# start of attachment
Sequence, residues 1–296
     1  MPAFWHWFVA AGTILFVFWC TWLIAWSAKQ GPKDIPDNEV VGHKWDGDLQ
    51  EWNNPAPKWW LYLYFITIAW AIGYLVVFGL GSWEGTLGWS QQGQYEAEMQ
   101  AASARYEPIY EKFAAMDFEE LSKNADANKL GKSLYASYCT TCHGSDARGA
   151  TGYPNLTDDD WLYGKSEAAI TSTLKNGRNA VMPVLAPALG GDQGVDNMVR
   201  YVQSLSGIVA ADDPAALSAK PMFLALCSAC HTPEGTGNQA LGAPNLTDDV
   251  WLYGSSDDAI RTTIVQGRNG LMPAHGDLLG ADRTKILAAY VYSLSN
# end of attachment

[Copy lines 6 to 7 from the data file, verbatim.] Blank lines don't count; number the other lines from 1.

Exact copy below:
   201  YVQSLSGIVA ADDPAALSAK PMFLALCSAC HTPEGTGNQA LGAPNLTDDV
   251  WLYGSSDDAI RTTIVQGRNG LMPAHGDLLG ADRTKILAAY VYSLSN